Up, up and no way. That's how it began to feel.
Several years ago, my wife and I bought a balloon ride at the Astoria Hospice Auction. First chance we got we lined up a trip.
It looked like it was going to be a perfect day. There was morning fog, but plenty of bright sunshine above. Hardly any wind.
Everybody was ready to go. The balloons were full of air. But the fog never lifted, so that was that.
Another time, we made the trek to Newberg where Vista Balloon Adventures has its launch area only to find that there was too much wind.
I must say, though, that knowing they error on the side of caution is a comfort, especially when you're standing in a wicker basket at about 2,000 feet.
"When it comes to safety," says owner Roger Anderson, "it's all about weather." He says they won't fly unless it's blowing 5 knots or less, though it's possible to fly in twice that amount of wind.
"We continually check the weather report," he explains. "There are five pilots. We all vote whether or not to go. The vote has to be unanimous."
We finally got the chance to cash in. We arrived in Newberg at 5:30 in the morning. Conditions were perfect. There was hardly any wind and a few stray clouds were scattered across a sunny blue sky.
"You want a few clouds," says Anderson. "They put a little texture in the sky," he continues as if explaining how to compose the elements of a painting.
My wife and I had the pleasure of flying in Anderson's balloon. There were six balloons altogether.
"Becoming a balloon pilot is just as involved as getting a license to fly a fixed-wing airplane," says Anderson, who also has a standard pilot's license. "You have flight lessons," he explains. "Then you have to take a written test administered by the FAA. You also have to take a practical test."
That's not the end of it, though. "It takes a lot of hours in the air before the insurance companies will pick you up," he says.
"Ballooning is kind of like sailing," Anderson says. "Unlike sailing, though, you can only fly downwind."
Anderson knows sailing, too. "I lived on a schooner for 12 years," he says. "I've put in over 50,000 miles of blue water sailing."
The thing that struck me right away was the incredible size of the balloon. As it began to fill with air, it took on the dimensions of a small gymnasium. Anderson's balloon is 125 feet tall and 60 feet in diameter. It has a volume of 210,000 cubic feet. "I think of the space inside it as being equal to the space in about 200 cheap hotel rooms," says Anderson. It has to be pretty good sized to lift our crew of about a dozen people, the propane tanks and burner, and the wicker basket which weighs 1,200 pounds by itself.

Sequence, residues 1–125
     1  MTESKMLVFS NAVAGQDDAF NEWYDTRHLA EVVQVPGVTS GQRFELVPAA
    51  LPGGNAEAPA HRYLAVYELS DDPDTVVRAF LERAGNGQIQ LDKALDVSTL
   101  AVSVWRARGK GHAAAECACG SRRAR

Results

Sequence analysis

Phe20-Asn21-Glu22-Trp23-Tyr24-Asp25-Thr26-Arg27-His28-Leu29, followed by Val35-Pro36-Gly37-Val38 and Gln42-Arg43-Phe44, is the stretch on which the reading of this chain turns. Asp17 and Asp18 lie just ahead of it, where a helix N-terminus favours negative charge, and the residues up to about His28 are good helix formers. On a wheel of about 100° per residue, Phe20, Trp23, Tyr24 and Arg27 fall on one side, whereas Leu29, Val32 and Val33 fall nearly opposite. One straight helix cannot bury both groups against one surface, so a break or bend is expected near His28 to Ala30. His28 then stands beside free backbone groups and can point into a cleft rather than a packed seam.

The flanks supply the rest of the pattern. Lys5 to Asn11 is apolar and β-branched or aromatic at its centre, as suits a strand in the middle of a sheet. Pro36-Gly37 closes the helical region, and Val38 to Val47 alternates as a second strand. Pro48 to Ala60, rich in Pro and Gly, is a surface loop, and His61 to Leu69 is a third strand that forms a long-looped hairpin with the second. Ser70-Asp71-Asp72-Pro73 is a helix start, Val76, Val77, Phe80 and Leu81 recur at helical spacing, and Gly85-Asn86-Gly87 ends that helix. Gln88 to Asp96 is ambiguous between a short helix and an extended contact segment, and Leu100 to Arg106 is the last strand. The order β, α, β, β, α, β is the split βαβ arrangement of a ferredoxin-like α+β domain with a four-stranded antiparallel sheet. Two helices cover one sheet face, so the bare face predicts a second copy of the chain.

Our lift-off was so gentle, we couldn't really tell the exact moment we left the ground. Instead of getting the feeling of climbing, it's more of a feeling of suspended animation. Even at 1,800 feet - the highest we went - it felt like we were the quiet participants in a giant watercolor painting.
At one point, we dropped all the way down to the Willamette River. One balloon actually touched the water. Then we climbed quietly over the trees on the other side.
I'm not a real big fan of heights. One time my family and I chartered a small plane and flew over the Grand Canyon. I grabbed one of the center posts and tried to keep a poker face as uncontrolled adrenaline surged through my system. At one point my daughter looked up at me and said, "Dad, how come your arm's shaking? It's not cold in here." So much for the poker face.
There were just a couple times when my heart started to race a little, but it only happened when I looked straight down. As long as I looked straight out, the only thing I felt was exhilaration mixed with relaxation.
There's almost no sound. All you hear are the voices of the crew and the occasional blast from the propane burner.
I can't imagine a better way to see the Willamette Valley. In one direction you can see well into the foothills of the Coast Range. In the other you can see into the foothills of the Cascades. Below you farmers' fields stretch out like a multicolored quilt sewn together by occasional roads and fence lines. Tiny barns and houses dot the landscape like pieces in a child's play set.
Before we took off, Anderson showed us how to brace for a rough landing by wedging ourselves into the basket and grasping the hand holds. But when we touched down in St. Paul after our one-hour flight, we landed as gently as a leaf.
Once we got all the gear stowed in the trailer, we headed back to Newberg for a delicious champaign brunch. It was the perfect ending for an experience that my wife and I will never forget.
Mark Mizell is an English teacher at Seaside High School. His column runs the first Thursday of each month in The Daily Astorian.